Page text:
Clipped From The Hearne Democrat

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 - High Lights he Renub By W. N. BEARD 715 Jones...
High Lights he Renub By W. N. BEARD 715 Jones Street. Fort Worth, Texu. (Copyright, 193B, by the Home Color Print Co.) |iHE most eventful part of Texas history is that period between 1836 and 1846—from the signing of Texas declaration of independence March 2, 1836, to annexation to the United States, February 16,1846. In this article I shall try to review only the high lights of Texas history during the ten-year period, which marked the beginning and the end of the Republic of Texas. But much of Texas history which would make good reading is necessarily omitted in a summary so brief. While delegates to a convention were in session at Washington-on-the-Brazos, March 2, 1836, writing the Texas declaration of independence, Travis was sending out appeals for help from the Alamo. Even before the declaration was adopted and signed the Alamo had fallen. Then followed the Goliad massacre. ; At the Washington-on-the-Bra z o s convention delegate Sam Houston was elected commander-in-chief of the Texas Army of Independence, although there was no army. It had been wiped out by Mexican troops at the Alamo, at Goliad and at Refugio. Texas Cause Seemed Hopeless Sam Houston was no quitter—he had faced death before on the battlefield .and feared no man. The Texas cause 'seemed hopeless, yet Houston mounted his horse while the convention was still in session and rode west toward La Grange to assume command of a small remnant of volunteers who had gathered there, all too late, to help Travis defend the Alamo. This small remnant of volunteers— less than 400—were no match for Santa Anna's army of 6,000 men. Therefore Houston ordered a retreat, and it is well he did so, for Santa Anna, flushed with victory at the Alamo, was on his way to fleeing eastward toward the American border. This flight, known as the "runaway scrape," had assumed alarming proportions. It is estimated that at least 10,000 Texans—men, women and children—made up the caravan of frightened refugees who were hurrying to escape the Mexican invaders. General Houston sent couriers in the wake of the retreating refugees urging them to return to their homes, since the Mexicans had been defeated and Santa Anna was a prisoner. Practically all the refugees returned. Houston Chosen President July 23, 1836, President (ad interim) Burnet issued a proclamation calling an election on the first Monday in September for the purpose of choosing a President, a Vice-president and members of the first Texas congress. The proclamation ' provid e d that the first congress be composed of fourteen senators and twenty- nine representatives. As a result of this election, General Sam Houston was chosen President and Mirabeau Lamar Vice-President. General Houston's first act as President was to appoint Stephen F. Austin, Secretary of State; Henry Smith, Treasurer, and Thos. J. Rusk, Secretary of War. Houston's selection of Austin^was wise and prudent. As founder of Tex-, as, he was the best informed man on all matters pertaining to legal and governmental relations between the Texan Anglo-American colonists and Mexico, Austin's duties as Secretary of State were laborious. He had no help and worked days and far' into nights on State papers, with only a tallow candle for light. The old State House, at Columbia, was a barn-like structure, crudely built and the room in which Austin worked poorly heated. As a con- Mier prisoners drawing the black and white beans. sequence, he contracted pneumonia, from which he died December 27th, 1836. Thus, fifteen years after founding his first colony in Texas, the soul of Austin, "Father of Texas," passed on to a greater reward. His last words were: "Texas has been admitted; did you see it in the papers?" Only 43 years of age at the time of death, Austin lived to see his beloved Texas a nation among nations. L Republic's The.treasury of empty when Houston He reported to the than $600 in the indebtedness of necessary to maintain other expenses incident establishment of a stable white population of 40,000 during the of issue. Thus did backs," as the notes into circulation. at par for a while, amount in circulation new issues they began In less than three about 20c'on the fourth year they were the dollar. Finally was obtained from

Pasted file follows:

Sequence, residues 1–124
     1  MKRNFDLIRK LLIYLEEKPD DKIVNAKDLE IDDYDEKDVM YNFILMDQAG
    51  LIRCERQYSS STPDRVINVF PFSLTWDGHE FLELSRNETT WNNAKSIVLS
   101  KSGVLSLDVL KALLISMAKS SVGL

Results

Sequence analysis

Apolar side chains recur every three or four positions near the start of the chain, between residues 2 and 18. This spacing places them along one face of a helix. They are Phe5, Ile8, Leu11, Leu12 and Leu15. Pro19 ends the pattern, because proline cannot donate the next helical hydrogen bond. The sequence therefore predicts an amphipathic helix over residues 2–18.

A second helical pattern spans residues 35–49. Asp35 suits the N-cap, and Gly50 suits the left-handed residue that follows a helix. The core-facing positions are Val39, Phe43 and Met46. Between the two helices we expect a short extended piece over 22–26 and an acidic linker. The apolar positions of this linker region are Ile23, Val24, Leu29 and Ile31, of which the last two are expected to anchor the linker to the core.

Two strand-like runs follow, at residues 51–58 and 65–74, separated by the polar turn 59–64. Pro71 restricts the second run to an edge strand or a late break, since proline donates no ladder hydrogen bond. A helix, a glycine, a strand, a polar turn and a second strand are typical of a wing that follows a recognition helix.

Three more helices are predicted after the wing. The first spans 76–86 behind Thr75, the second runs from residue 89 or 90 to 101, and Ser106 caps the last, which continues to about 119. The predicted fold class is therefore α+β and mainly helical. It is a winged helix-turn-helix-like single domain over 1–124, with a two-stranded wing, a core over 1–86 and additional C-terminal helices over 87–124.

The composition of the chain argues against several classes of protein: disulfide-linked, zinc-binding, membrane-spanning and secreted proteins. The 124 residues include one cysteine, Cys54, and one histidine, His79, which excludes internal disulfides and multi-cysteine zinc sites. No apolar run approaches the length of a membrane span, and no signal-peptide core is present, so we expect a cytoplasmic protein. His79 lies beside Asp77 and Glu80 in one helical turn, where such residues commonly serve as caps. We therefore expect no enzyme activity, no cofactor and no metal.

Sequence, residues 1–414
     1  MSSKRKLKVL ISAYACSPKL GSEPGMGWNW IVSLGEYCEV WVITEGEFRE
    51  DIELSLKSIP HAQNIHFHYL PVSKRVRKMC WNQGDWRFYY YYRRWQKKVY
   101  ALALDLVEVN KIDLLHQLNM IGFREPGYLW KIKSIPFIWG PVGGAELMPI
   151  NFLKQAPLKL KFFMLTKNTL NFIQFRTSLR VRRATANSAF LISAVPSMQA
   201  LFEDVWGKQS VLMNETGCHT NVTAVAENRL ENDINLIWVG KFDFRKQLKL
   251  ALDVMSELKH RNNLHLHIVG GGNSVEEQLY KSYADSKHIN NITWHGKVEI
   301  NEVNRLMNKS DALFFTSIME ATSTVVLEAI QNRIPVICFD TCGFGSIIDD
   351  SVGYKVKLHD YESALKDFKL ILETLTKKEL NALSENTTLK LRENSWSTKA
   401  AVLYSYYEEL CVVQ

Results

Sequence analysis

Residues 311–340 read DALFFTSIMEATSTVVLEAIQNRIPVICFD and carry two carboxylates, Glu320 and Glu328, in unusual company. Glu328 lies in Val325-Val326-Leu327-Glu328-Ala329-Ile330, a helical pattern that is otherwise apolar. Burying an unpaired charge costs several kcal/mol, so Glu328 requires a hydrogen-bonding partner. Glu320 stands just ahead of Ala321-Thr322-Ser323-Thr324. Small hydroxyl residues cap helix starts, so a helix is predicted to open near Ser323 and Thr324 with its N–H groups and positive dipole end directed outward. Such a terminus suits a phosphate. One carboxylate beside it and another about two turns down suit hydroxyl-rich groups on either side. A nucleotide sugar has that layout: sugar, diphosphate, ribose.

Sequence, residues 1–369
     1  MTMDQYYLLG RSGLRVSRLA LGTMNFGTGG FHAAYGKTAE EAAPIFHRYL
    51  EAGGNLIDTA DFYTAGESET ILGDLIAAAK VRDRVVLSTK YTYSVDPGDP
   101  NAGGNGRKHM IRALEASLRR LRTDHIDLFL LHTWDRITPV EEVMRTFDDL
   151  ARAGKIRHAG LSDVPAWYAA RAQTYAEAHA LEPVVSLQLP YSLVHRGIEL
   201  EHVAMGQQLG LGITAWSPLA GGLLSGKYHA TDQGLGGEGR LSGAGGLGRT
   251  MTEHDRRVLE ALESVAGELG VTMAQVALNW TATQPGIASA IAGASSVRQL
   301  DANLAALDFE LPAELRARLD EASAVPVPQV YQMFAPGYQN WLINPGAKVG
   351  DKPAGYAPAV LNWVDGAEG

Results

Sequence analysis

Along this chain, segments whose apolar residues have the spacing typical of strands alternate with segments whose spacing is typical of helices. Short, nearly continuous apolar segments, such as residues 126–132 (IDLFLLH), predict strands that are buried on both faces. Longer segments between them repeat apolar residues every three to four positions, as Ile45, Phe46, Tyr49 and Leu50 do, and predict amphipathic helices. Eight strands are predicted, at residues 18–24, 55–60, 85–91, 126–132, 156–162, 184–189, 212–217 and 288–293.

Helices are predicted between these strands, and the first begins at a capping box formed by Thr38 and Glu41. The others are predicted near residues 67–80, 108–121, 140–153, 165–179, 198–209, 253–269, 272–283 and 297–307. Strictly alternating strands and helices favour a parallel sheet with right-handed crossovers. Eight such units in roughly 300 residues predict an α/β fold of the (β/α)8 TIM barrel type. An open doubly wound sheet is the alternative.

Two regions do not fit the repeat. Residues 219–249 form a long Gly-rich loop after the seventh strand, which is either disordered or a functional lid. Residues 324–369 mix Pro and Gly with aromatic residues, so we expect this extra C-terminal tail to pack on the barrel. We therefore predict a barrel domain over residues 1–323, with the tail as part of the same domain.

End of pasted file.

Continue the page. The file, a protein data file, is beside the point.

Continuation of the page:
Clipped from
  1. The Hearne Democrat,
  2. 17 Jul 1936, Fri,
  3. Page 8

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